Town Crier Articles

New Town Sees Spike in Car Burglaries
Posted on July 1, 2020 7:00 AM by Patti Vaticano
Categories: Life in New Town
We are very fortunate to live in a community with such a low crime rate.  While we may not rival the fictional Mayberry, North Carolina, compared to the world-at-large, Williamsburg comes pretty near close, as Andy Taylor might have said.  This is due in no small part to an engaged and responsive police force of which James City County has been blessed.  This aside, strict vigilance on the part of county residents in combating crime is necessary and wise.
 
Last month, during Memorial Day Weekend, May 24th to the 25th, New Town was the site of five car break-ins, largely in the Charlotte Park division of our community.  Powhatan Crossing saw eight car break-ins, over the same holiday weekend.  Video footage was retrieved from Powhatan Crossing revealing two hooded and masked individuals believed to be the perpetrators of all 13 break-ins.  Unfortunately, no surveillance cameras were found in working order, here in New Town.
 
Investigator Josh Ernst, of the James City County Police Department, told The Crier that all thirteen break-ins yielded only $50 to $100 in stolen merchandise, with one pair of Apple Air Pods the only merchandise with a serial number for tracing.  All break-ins investigated were unforced, as all 13 vehicles had been left unlocked.  No additional break-ins have been reported since Memorial Day Weekend, save for several unrelated incidents on the other side of Williamsburg and by individuals not related to the New Town and Powhatan Crossing break-ins. The investigations are currently at a standstill as no other video footage or fingerprints have been discovered, nor have the air pods surfaced at any of our local pawn shops.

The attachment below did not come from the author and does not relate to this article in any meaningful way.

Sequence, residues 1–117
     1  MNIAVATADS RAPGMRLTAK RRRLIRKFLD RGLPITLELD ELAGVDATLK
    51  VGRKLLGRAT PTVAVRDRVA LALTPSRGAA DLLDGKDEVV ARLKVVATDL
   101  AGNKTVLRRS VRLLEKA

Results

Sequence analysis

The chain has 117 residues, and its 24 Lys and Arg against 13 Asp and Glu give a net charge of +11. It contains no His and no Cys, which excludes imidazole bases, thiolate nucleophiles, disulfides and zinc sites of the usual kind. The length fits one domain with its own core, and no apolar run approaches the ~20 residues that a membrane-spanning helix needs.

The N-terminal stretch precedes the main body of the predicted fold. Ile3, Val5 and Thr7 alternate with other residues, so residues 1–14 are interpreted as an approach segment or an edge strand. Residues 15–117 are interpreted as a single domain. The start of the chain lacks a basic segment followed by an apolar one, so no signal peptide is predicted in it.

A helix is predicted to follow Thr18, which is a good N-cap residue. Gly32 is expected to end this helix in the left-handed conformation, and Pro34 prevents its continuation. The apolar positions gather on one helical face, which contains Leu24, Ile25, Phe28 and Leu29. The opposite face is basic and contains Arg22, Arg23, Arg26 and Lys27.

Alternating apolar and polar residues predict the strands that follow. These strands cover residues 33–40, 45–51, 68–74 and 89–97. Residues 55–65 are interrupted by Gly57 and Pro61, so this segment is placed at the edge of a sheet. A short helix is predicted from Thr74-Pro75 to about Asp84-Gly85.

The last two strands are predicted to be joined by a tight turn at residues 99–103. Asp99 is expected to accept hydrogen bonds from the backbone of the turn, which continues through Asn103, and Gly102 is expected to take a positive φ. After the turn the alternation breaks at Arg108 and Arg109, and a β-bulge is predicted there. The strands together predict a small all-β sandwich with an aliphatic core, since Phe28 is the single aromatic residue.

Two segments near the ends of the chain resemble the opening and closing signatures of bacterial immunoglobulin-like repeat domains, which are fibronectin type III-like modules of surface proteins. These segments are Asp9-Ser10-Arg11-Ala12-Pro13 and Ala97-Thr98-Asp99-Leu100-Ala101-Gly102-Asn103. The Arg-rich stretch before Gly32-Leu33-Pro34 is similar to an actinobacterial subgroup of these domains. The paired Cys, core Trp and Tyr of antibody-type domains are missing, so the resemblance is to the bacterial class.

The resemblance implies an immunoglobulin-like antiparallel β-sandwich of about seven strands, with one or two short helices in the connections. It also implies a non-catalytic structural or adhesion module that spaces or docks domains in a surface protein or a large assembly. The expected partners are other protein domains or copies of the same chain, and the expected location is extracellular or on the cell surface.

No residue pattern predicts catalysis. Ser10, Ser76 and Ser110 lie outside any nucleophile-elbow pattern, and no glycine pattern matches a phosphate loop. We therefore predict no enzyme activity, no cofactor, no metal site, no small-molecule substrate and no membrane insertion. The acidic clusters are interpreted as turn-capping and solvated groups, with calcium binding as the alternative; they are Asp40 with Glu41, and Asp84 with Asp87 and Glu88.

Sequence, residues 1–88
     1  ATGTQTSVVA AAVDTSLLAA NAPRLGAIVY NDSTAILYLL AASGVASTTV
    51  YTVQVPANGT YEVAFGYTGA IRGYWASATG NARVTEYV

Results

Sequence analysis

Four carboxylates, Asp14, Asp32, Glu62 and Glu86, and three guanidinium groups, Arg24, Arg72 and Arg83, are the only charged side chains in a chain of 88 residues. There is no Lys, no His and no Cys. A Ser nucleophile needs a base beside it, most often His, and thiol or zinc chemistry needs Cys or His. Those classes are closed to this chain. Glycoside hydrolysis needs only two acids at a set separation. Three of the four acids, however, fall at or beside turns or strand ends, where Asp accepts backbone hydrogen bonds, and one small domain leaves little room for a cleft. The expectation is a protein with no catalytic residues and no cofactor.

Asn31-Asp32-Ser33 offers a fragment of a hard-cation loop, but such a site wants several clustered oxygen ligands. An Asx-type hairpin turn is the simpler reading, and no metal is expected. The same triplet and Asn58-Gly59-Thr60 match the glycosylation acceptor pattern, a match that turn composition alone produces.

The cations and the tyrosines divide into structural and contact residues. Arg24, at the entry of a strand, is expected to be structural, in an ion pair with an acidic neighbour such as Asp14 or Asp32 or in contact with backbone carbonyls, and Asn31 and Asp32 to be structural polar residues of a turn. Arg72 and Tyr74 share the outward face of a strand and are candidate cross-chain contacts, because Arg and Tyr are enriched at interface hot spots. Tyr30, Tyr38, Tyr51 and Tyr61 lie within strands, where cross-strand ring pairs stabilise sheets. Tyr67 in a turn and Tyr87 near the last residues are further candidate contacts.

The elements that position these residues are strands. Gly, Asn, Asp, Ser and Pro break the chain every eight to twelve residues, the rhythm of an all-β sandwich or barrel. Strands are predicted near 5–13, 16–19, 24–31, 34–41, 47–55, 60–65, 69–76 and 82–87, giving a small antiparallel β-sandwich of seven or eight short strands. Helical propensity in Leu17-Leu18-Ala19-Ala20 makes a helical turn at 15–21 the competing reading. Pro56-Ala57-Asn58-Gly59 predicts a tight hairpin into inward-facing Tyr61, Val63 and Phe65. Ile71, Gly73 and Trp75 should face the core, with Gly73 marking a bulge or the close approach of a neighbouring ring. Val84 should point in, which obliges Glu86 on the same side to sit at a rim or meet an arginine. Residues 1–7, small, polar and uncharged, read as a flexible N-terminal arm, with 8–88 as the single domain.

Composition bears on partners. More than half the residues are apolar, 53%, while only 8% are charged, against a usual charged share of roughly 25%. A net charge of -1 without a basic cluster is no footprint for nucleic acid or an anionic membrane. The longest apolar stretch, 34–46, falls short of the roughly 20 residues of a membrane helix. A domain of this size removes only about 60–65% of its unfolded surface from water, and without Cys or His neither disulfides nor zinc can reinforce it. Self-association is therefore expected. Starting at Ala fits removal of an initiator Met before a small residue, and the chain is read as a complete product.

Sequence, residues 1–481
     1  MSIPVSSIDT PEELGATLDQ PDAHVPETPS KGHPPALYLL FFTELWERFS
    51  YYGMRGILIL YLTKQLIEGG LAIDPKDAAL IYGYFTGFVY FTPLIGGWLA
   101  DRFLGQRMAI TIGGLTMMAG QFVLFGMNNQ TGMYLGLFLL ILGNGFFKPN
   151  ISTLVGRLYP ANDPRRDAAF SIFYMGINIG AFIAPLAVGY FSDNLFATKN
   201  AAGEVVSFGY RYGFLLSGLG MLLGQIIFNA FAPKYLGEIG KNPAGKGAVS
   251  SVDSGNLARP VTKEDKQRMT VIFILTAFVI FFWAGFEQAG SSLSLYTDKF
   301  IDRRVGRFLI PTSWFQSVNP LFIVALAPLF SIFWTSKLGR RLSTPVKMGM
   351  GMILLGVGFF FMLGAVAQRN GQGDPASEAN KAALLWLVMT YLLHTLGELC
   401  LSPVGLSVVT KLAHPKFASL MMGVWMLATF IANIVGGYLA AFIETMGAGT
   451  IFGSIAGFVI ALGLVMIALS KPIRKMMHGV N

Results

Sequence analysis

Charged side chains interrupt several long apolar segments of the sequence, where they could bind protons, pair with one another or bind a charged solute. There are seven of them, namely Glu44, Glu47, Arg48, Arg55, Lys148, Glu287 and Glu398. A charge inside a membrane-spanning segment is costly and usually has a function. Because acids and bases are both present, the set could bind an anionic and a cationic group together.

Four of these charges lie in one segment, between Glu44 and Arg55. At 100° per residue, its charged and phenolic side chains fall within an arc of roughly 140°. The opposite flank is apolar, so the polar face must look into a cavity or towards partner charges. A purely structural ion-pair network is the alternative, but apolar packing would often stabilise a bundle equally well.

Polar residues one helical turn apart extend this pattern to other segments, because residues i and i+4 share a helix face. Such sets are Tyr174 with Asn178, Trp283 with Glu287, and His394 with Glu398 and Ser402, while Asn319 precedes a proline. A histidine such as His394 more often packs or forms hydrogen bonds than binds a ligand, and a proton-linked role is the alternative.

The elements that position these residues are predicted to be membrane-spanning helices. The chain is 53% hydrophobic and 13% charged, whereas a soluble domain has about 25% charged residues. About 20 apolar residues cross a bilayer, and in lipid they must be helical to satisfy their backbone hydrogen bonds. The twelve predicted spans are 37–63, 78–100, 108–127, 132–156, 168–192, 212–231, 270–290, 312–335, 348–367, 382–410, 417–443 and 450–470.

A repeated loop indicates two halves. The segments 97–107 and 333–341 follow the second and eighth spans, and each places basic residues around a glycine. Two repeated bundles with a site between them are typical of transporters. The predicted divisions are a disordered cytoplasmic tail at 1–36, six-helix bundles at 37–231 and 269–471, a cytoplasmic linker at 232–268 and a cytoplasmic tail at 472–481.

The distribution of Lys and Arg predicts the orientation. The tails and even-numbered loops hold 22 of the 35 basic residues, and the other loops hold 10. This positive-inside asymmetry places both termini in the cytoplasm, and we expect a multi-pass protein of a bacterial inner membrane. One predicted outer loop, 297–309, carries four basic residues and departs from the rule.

To keep these sad occurrences isolated events, Master Police Officer, Alan McDowell, Jr., of James City County Police Department’s Community Services Unit, recommends the following as means to greatly reduce the chances of residents becoming victims of car break-ins as well as vehicle thefts:
  • Lock your car doors when the car is left unattended. If you leave the vehicle unlocked, even if there is nothing in plain view, thieves will take the opportunity to look in the vehicle, because it is unlocked and an easy target.
  • Do not leave anything of value, to include large amounts of loose change, in plain view in the vehicle. If your vehicle is locked, but you have valuables in view, this is an incentive to break in. If your vehicle is locked and nothing is in plain view then it may not be worth the time and effort to break in because there is no assurance of a payoff.
  • Never leave your vehicle unattended and running. If it is unlocked then it is an easy target. If it is locked and no one is around, then to someone looking to steal a car, it provides the easy opportunity.
  • Make use of car alarms if your car has one.
  • Report suspicious activity immediately. Criminals will do surveillance before committing these crimes. This is easily detectable if you are paying attention as it appears suspicious. Activity such as people you have never seen in the area looking in vehicles, trying door handles, wandering through parking lots, etc. . . . This type of activity should be reported to the police asap. Even if the person leaves the area without breaking in to a vehicle, contacting the police will increase patrols in the area and potentially prevent or deter the criminal activity as the area will become less appealing to the criminal.
 
The chief take-away from all of the above is that larcenies from unlocked vehicles are crimes of opportunity.  It is within our power to eliminate the opportunity by removing personal items from our vehicles and always locking our car doors.  Investigator Ernst additionally and strongly advises to make sure your surveillance equipment is always working.  Check those units and their batteries often!
 
Further information on preventing these crimes may be found via the Facebook and YouTube links below:
 
 
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